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Read Letter

The Loss Of A Baby

My dear Jil, I commiserate with you on the loss of your baby boy. The loss of a child is not easy. It breaks human will. There’s a correspondent ache without pain. You’re numb, just numb, feel nothing. It’s a tough thing. Losing a child can be so tough on a marriage. There’s all that guilt and anger…emotional unavailability… These are raw emotions. Grieving requires a channel. It must be ousted. It’s why it’s good to cry. It’s a catharsis of the soul. The bile is emptied out as we inconsolably vent our pain. Grieving for a lost child can be tough on marriage. The frustration of reaching out for that which is no more can cause one to lash out at those proximate.
Unfortunately, those proximate to us are our loved ones, the ones sent to comfort us. And so we punish them for their love in our grief.

No one can know the pain of a mother at the loss of a child. No one. The gestationary period in the womb produces an eternal attachment between mother and child. The child feeds off the substances of his mother, substances material and immaterial. And so the bond of a mother to her child is very strong. The child came to be in the womb of the mother. Life begins in the womb. It’s why a mother can have so much control over her child. She got to know him first. He tasted life from her. It explains why grown men defer to their mother. Your mum is your mum till you die
Yes, teenagers sometimes fight with their mum, especially if the mum is deemed too strict. But time evens things out. The child acquires understanding as he grows old in life. And so I have a philosophical understanding of where you’re coming from. But all I can do is condole you at such a terrible loss. May the God of all comfort comfort you. Some pains are so deep the depths cannot be plumbed. It is at this time that you and your husband must say together in unity. You must not allow this grief to tear you apart. You must be united in sorrow. It’s as tough on him as it is on you. Only the dimensions differ.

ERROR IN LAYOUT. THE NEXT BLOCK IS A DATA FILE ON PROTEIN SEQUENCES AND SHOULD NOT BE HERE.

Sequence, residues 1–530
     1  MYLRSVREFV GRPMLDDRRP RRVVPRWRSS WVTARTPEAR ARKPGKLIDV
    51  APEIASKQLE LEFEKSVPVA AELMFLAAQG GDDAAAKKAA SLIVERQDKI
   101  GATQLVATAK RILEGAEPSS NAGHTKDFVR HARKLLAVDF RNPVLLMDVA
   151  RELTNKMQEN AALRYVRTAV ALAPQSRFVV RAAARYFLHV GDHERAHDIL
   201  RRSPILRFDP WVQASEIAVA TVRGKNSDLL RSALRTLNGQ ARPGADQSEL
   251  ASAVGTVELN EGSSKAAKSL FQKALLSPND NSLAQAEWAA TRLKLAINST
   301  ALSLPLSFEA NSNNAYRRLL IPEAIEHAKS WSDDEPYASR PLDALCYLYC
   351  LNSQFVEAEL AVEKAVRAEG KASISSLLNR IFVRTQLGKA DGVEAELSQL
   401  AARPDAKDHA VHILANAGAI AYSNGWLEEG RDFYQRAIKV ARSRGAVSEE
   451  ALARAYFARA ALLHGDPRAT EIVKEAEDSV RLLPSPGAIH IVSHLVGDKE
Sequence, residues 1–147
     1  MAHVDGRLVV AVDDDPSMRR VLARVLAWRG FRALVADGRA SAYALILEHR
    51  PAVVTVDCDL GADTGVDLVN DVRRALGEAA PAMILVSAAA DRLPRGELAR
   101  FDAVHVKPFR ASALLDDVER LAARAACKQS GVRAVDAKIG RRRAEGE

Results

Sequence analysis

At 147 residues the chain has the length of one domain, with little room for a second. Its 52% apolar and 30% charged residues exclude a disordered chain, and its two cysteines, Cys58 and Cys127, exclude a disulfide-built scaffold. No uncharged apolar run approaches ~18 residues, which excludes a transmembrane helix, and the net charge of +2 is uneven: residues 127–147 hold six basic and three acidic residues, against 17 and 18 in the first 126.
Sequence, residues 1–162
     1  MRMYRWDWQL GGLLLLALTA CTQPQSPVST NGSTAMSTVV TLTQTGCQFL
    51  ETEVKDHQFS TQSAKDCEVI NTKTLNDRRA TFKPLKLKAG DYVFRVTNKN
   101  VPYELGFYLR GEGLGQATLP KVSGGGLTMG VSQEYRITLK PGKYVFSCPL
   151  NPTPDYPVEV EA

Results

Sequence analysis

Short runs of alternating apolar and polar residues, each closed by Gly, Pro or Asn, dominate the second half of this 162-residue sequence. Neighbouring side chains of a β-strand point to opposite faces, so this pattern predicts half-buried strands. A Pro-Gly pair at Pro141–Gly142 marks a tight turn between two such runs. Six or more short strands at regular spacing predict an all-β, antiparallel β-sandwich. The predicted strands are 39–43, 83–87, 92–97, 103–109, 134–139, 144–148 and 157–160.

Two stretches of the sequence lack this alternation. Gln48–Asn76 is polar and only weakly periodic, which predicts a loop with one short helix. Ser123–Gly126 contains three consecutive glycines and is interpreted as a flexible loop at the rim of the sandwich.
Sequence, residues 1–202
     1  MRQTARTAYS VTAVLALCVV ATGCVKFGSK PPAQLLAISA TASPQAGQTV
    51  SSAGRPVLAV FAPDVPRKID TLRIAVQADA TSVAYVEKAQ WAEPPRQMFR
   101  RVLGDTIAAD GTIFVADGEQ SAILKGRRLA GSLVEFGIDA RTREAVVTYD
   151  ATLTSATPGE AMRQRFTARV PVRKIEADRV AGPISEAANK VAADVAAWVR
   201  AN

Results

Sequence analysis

When a man is at a loss as to what he could have done to prevent the loss of his child he experiences a dejected feeling of impotence. I’m trying to explain to you how men feel in these circumstances. The loss of a first born is particularly tough! A responsible man will somehow feel he has failed his family for his inability to prevent the loss. He knows he doesn’t have the power of prevention yet he takes on the moral burden. And then there’s you. When he sees you cry and mourn it’s a heavy pain for him. He cannot bear to see you like that because of the kind of woman you’ve been to him. You’ve been a supportive wife. And so there’s the pain from the loss of the child, the pain of seeing you cry, and then the pain from his inability to prevent the loss of the child. Triple pain.

The way men think, responsible men that is – they see themselves in a contractual obligation to their wife. The terms include provision and protection for the family. The man sees it as his duty to provide for his family and to protect his family from danger and bodily harm… His reasoning being that the wife takes care of administrative spheres of their life while he takes care of provision and protection. This is a traditional view of marriage. And so at the loss of your child he feels he has failed you in his duty as your husband. This devastates his sense of manhood. And so he’s as confused as you are, can’t explain what happened, doesn’t know what to do. So he blames himself for not being able to prevent the pain you’re going through. He’s going through his own sorrow. But he can’t openly express it because he has to be strong for you.